What Is Aortic Disease?
The aorta is your body's largest artery, carrying oxygen-rich blood
from the heart. When your aortic valve opens and blood flows into the
aorta, the aorta and its branches deliver vital nutrients to every part
of your body, including the heart itself.
When your aorta is healthy, its elastic walls expand and contract easily.
However, when your aorta is diseased, the areas of weak, abnormal tissue
bulges or balloons out. The stress of high-pressure blood flow on this
abnormal tissue, which becomes weak and thin, puts this vital blood vessel
at risk of tearing or rupturing.
Thoracic aortic disease may be caused by several different conditions and
may occur in both males and female of any age. When the underlying cause
is genetically based, more than one family member may be affected. Thoracic
aortic disease is serious because weak, fragile aortic tissue under high
pressure may tear or rupture, causing life-threatening bleeding. Early
detection can prevent emergencies that too often result in injury or loss of life.
Types of Aortic Disease
Bulging or enlargement of a blood vessel due to weakness of vessel wall.
A tearing of the inner lining of the aortic wall, allowing blood to enter
and split the layers of the aortic wall. Blood may travel within the layers
of the aorta, creating a "false" channel, sometimes called a
Bleeding within the wall of the aorta, a variation of classic aortic dissection.
Ulceration of atherosclerotic plaque penetrates into the aortic wall.
Aortic diseases often go unnoticed because patients rarely feel any symptoms.
While only half of those with aortic disease complain of symptoms, possible
warning signs include:
- Pain in the jaw, neck, and upper back
- Chest or back pain
- Coughing, hoarseness, or difficulty breathing
Causes and Risk Factors
Several factors increase the risk of developing an aortic aneurysm or dissection,
including environmental and genetic influences.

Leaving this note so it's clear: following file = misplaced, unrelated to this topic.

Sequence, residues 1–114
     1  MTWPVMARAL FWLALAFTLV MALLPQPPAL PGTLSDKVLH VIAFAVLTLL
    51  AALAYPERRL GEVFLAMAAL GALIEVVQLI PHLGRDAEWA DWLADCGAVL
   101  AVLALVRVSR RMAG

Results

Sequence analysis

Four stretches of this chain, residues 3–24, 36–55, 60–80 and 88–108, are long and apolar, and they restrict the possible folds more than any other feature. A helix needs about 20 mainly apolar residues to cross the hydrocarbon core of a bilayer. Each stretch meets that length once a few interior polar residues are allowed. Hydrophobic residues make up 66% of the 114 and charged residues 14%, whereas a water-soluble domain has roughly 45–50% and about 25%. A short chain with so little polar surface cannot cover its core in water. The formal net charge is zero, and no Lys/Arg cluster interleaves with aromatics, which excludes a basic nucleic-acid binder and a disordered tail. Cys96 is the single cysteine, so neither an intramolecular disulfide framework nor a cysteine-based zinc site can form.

Environmental factors that increase the chance to develop an aortic aneurysm
or dissection include:
- Uncontrolled hypertension (high blood pressure)
- Bicuspid aortic valve
- Weight lifting
- Trauma to the aorta
- Inflammatory disease
Genetic factors also influence the risk to develop an aortic aneurysm or
dissection. Thoracic aortic aneurysm and/or dissection (TAAD) can have
three different types of genetic risk:
- Familial TAAD
- Syndromic TAAD
- Sporadic TAAD
Diagnostic testing is the first step in establishing a treatment strategy.
A high degree of accuracy in the performance and interpretation of these
tests is particularly critical in the evaluation of aortic disease:
Medical treatment and lifestyle changes are specified for each individual
and will include blood pressure optimization and lifestyle recommendations.
Blood pressure medications, such as beta-blockers, ACE inhibitors, ARBs
and calcium channel blockers, are commonly prescribed. However, use of
diuretics may be beneficial in patients who are prone to weight gain as
a result of water retention. Generally, an optimal systolic blood pressure
range prior to surgery is between 105 and 110 during normal activity.
Lifestyle recommendations address diet, exercise and smoking cessation.
It is very important that those with aortic disease do not smoke either
actively or passively. A diet low in fat and carbohydrates and high in
fiber and protein is recommended. Exercise is generally extremely helpful
for aortic aneurysm patients, and they are encouraged to be active. Usually
power walks of 15 to 30 minutes two to three times daily are recommended.
However, heavy lifting, which puts pressure on the aorta, is prohibited.
When the risk of aortic dissection or rupture is greater than that associated
with surgery, elective surgery is offered to replace the diseased section
of the aorta with a Dacron graft. If necessary the aortic valve may also
be either repaired or replaced.
Saving Lives through Cardiac Research
Gina Simpson, Heart Disease